In Australia, there are two species of vinegar flies that are especially problematic:

  1. Drosophila melanogaster: This species is widely distributed in Australia and infamous for causing damages to fruits like grapes, stone fruits, and berries.
  2. Bactrocera tryoni: Also known as the Queensland fruit fly, this species affects over 100 different fruit and vegetable crops, making it Australia’s most economically damaging fruit fly.

Comparing the two species, Drosophila melanogaster is considered more common, while Bactrocera tryoni causes more significant economic losses. Here’s a comparison table to highlight the differences:

Species Distribution Main Impact Economic Damage
Drosophila melanogaster Widespread Damage to soft fruits Lower
Bactrocera tryoni Eastern Australia Damage to various crops Higher

What can you do? To prevent these flies from causing problems, ensure fruits are harvested at the right time and remove any damaged or fallen fruits from the area. Additionally, use nets and traps to control their population and follow proper sanitation practices in your kitchen and garden.

Reader Emails

Over the years, our website, has received hundreds of letters and some interesting images asking us about these insects. Scroll down to have a look at some of them.

Letter 1 – Vinegar Fly Maggot: What's That Bug in my Wine???


Found alive in home-made wine. What is it?
April 10, 2010
Hello. At a party in October 2009 some friends brought home-made wine. Someone noticed something floating – and moving – in their glass. Removed one, and took photographs using macro setting on my camera. It was tiny, maybe 3 millimeters in length? A fair amount of wine was consumed before noticing the swimmers, and it would be nice to know what they were. The wine was made in “classic” fashion – without a lot of regard for health and safety concerns. (Obviously!) It was made in Summer/Fall 2009, in an earthenware jug with a cheesecloth “stopper”. (I know, I know…) I did not drink any of the wine, but my friends did. So what did they actually consume? I hope you can help!
New Brunswick, Canada

Vinegar Fly Maggot

Hi Lincoln,
We believe this is the larva of a Vinegar Fly in the family Drosophilidae, a group also called Pomace Flies.  They are commonly called Fruit Flies, though that name is more correctly reserved for members of another family of flies that are agricultural pests.  The Fruit Fly of genetics experiments is actually a Vinegar Fly, Drosophila melanogaster.  The larvae develop in fermenting fruit, including spirits like beer and wine.  Vinegar Flies are often found in restaurants and bars where they are attracted to the open bottles, and finding dead flies in the bottles can become a health code violation.  Though the thought of fly larvae in the wine may not be appetizing, no harm would come from accidental consumption.  BugGuide does not have any images of the larvae of Vinegar Flies, but we did find a nice sketch of the life cycle of Drosophila on the Biology Department of Kenyon College website.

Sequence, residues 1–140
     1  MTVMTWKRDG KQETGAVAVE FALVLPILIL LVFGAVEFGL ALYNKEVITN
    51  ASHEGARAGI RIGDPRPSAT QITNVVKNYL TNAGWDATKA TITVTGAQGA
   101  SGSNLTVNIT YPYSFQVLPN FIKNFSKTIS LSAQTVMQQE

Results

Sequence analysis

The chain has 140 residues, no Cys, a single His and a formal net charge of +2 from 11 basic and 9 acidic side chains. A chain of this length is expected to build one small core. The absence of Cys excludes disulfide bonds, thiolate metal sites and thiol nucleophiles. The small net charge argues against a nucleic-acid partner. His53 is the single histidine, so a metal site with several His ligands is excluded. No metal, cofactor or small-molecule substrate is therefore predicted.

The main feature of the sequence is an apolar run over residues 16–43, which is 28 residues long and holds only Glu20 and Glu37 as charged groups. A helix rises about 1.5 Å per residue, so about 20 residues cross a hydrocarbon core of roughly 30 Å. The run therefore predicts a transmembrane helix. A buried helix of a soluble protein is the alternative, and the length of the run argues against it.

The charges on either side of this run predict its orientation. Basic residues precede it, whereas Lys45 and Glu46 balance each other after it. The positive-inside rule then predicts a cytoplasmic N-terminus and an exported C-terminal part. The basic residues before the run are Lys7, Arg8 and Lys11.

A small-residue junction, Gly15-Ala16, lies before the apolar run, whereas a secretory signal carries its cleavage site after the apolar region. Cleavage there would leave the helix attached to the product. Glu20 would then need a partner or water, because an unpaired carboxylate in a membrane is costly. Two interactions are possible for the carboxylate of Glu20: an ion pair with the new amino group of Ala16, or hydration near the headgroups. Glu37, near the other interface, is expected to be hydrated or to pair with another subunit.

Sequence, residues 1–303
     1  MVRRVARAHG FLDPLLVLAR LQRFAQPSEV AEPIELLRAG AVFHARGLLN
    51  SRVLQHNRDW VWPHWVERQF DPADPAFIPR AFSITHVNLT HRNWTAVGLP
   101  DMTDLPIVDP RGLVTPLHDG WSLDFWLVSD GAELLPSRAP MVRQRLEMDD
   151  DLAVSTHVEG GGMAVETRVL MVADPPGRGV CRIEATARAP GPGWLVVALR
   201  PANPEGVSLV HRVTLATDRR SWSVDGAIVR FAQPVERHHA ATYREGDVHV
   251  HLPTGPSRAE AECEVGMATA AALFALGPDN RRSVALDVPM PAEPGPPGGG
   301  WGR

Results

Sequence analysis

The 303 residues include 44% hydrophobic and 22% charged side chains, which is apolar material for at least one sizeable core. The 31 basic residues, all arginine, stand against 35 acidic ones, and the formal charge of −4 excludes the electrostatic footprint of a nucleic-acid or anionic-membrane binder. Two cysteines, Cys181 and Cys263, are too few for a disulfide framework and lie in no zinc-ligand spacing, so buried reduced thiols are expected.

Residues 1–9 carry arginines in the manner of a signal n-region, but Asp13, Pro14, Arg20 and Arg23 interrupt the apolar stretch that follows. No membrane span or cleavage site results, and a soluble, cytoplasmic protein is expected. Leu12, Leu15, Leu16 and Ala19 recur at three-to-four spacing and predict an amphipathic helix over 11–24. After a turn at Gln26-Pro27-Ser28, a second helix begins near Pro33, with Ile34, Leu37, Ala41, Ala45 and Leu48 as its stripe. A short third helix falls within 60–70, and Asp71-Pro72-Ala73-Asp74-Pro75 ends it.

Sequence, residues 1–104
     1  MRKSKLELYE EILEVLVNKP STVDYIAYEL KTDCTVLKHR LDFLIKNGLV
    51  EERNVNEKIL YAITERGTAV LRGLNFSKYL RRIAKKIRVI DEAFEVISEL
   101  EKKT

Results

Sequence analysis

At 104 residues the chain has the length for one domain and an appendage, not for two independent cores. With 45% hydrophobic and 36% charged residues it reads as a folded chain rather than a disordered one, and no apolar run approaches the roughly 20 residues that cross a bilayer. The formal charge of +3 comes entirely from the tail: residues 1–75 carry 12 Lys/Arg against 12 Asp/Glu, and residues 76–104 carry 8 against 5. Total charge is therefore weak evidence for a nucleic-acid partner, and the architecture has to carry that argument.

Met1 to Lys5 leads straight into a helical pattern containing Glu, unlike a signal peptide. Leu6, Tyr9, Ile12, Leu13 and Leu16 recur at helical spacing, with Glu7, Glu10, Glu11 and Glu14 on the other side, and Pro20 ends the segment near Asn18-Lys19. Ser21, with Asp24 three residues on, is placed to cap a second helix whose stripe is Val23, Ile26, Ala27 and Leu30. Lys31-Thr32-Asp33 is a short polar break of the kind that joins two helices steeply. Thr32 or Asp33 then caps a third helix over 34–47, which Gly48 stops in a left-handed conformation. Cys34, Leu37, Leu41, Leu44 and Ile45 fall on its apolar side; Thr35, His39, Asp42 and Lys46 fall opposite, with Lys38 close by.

Mr. Marlos,
Thank you most kindly for your response!
I will pass along your information to the people who *did* drink the wine…along with a stern lecture on cleanliness and safety!
Thank you also for correcting a long-held misconception on my part. I had always thought that “Drosophila” and “Fruit Fly” were synonymous. I shall now know them as Vinegar Flies! And I will do my best not to ingest any of them…if at all possible!
I am replying via e-mail and not via a comment at the website, as I am not a member, and therefore I could not log in.
But I definitely wanted to pass along my appreciation.
(On the subject of the website, whenever I click on the link to my posting:
I just get a blank page. I am not sure if this is a serious problem, but I thought you should know.)
Please take care.
Thank you for your interesting and informative website!
Lincoln (from Canada) –

Letter 2 – Cherry Vinegar Fly


Male Spotted Wing Drosophila Fly (Boo Hiss!)
Location:  Edmonds, Washington
July 24, 2010 10:37 pm
Hello again, Daniel, here is a picture of a male Spotted Wing Drosophila (only the males have the spots on the end of the wings), as mentioned in an earlier e-mail. It met its demise in one of my vinegar traps by my blueberries. I included the tip of a standard double-pointed wooden toothpick for scale. One pic of it’s belly, the other from the back. You can put the pics/me in your Unnecessary Carnage section if you choose, but this uninvited recent alien arrival on the West Coast is a serious problem (anything that cuts my raspberry harvest in half, is a serious problem–and that’s what they did!). I think I read that they came in from Japan via California. Doing an on-line search brings up more info, particularly good are the sites by the University Extensions in Oregon and Washington. And by the way, in answer to ”Herding Grasshoppers” Mama’s question about 10-lined June Beetles being native to the NW — yes. One of my earliest ”bug memories” is of one of these impressive creatures droning through the air to land with a loud thud on our screen door, on Vashon Island in Puget Sound. That was quite some time ago, ahem…. Being a Nature Geek from a tender age, I was both terrified and fascinated. Anyway, she can let it go, they aren’t in the same league with SWD (Spotted Wing Drosophila). Hope all is going well with the chickens.
Cheers, Beachdee

Cherry Vinegar Fly

Dear Beachdee,
Thanks for sending these important images of a new Invasive Exotic threat to agricultural crops to our site.  We would never consider the control of Invasive Exotic species to be Unnecessary Carnage.  BugGuide identifies this species as the Cherry Vinegar Fly,
Drosophila suzukii, and indicates:  “It is an introduced species from Japan and Far East.
It feeds on healthy fruit, not just rotting fruit as other drosophilids, so it can be a serious agricultural pest. The hosts include:  “Many commercial fruits, cherries, raspberries, blackberries, blueberries, strawberries, etc.

Cherry Vinegar Fly (ventral surface)